Get some tips on gun storage and even how to bring your children out with you to the shooting range.
Statistics show 50 percent of U.S. households own at least one gun, so even if your family does not have a firearm, it's likely at some point your child will be in a home that has one. Education starts with you, and learning about gun safety is a very important lesson to teach your child at an early age.
The National Rifle Association has an education program (Eddie Eagle GunSafe Program) for youngsters that helps parents teach important safety rules. An easy one for you to implement at home: Stop, don't touch, leave the area and tell an adult if they find a gun.
If you don't own a gun, look up photos of various guns online to show your child. Explain what a gun does, what it is commonly used for and how you must only use one if you've been trained to do so.
Many toy guns look similar to real guns, so be sure to tell your child if she's not sure: Stay away anyway and tell an adult.
If you have firearms in the home, you must take care to keep them stored out of reach of children. Purchase a gun safe or locked case -- not a display case with a panel made of glass. You might also consider a lock for the gun itself, such as one that prevents the trigger from being pulled. Many local communities have laws requiring a gun lock be purchased along with a handgun sale.
Take care to not store guns when they are loaded, as well. Keep ammunition locked up separate from your firearms, and if your guns are used for recreation, such as hunting or range shooting, don't load them until you arrive at your destination.
In addition to the NRA's Eddie Eagle program, a variety of courses are available for children and adults. For starters, check with your state's Department of Conservation for hunter safety courses. Many require a hunter education course before a license is issued, but the courses are recommended by many organizations even if they are not legally required. In addition to firearm safety while hunting, they also teach how to safely clean and store your gun at home, as well as local laws and wildlife codes.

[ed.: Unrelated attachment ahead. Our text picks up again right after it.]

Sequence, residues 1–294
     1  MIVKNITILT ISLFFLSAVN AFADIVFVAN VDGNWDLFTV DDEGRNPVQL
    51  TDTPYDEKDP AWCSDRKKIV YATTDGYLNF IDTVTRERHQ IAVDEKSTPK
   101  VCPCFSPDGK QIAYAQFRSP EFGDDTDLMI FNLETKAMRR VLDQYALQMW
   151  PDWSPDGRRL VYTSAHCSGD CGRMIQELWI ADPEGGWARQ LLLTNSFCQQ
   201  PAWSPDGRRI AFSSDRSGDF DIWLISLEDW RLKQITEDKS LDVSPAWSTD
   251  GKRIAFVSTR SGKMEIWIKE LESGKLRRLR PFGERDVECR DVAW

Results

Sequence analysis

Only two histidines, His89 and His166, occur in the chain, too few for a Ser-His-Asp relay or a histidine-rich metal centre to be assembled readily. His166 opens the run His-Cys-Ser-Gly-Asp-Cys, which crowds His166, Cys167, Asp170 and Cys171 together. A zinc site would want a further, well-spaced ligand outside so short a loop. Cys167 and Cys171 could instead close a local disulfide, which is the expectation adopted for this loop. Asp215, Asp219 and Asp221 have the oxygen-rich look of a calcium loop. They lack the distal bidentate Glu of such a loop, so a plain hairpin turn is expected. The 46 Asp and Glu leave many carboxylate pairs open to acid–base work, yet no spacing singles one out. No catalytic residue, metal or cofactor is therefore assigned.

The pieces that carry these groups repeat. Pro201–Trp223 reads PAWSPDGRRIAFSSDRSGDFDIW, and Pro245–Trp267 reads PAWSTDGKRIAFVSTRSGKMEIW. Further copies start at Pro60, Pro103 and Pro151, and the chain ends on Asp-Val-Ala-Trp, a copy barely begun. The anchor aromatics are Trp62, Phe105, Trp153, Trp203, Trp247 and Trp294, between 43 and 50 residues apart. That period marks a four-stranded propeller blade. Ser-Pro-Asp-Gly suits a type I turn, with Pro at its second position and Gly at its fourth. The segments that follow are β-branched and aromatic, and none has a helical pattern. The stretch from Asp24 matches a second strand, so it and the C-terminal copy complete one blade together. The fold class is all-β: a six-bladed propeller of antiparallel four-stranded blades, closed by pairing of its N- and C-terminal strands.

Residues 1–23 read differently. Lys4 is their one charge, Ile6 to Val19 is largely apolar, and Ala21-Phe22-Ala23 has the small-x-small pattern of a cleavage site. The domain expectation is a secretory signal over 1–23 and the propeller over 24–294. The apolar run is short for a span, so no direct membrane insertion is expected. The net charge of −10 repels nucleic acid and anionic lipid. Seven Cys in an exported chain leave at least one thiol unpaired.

In addition to helping your child learn about gun safety, you must also be firmly in control of your own gun and know how to properly load, unload and clean it.
Take your kids with you when you go to target practice. Invest in noise-muffling ear protection for them, as well for as yourself. Keep up a steady dialogue with them, sharing what you are doing, where they will be standing and how careful you must be. Kids can also be brought along on a hunt with ample preparation. Outfit them in the same way you outfit yourself and stress safety at every available moment.
With these safety tips in mind, you have a chance to help your child respect guns from an early age and will increase his chances of staying safe even if he encounters a gun at a friend or family member's home.
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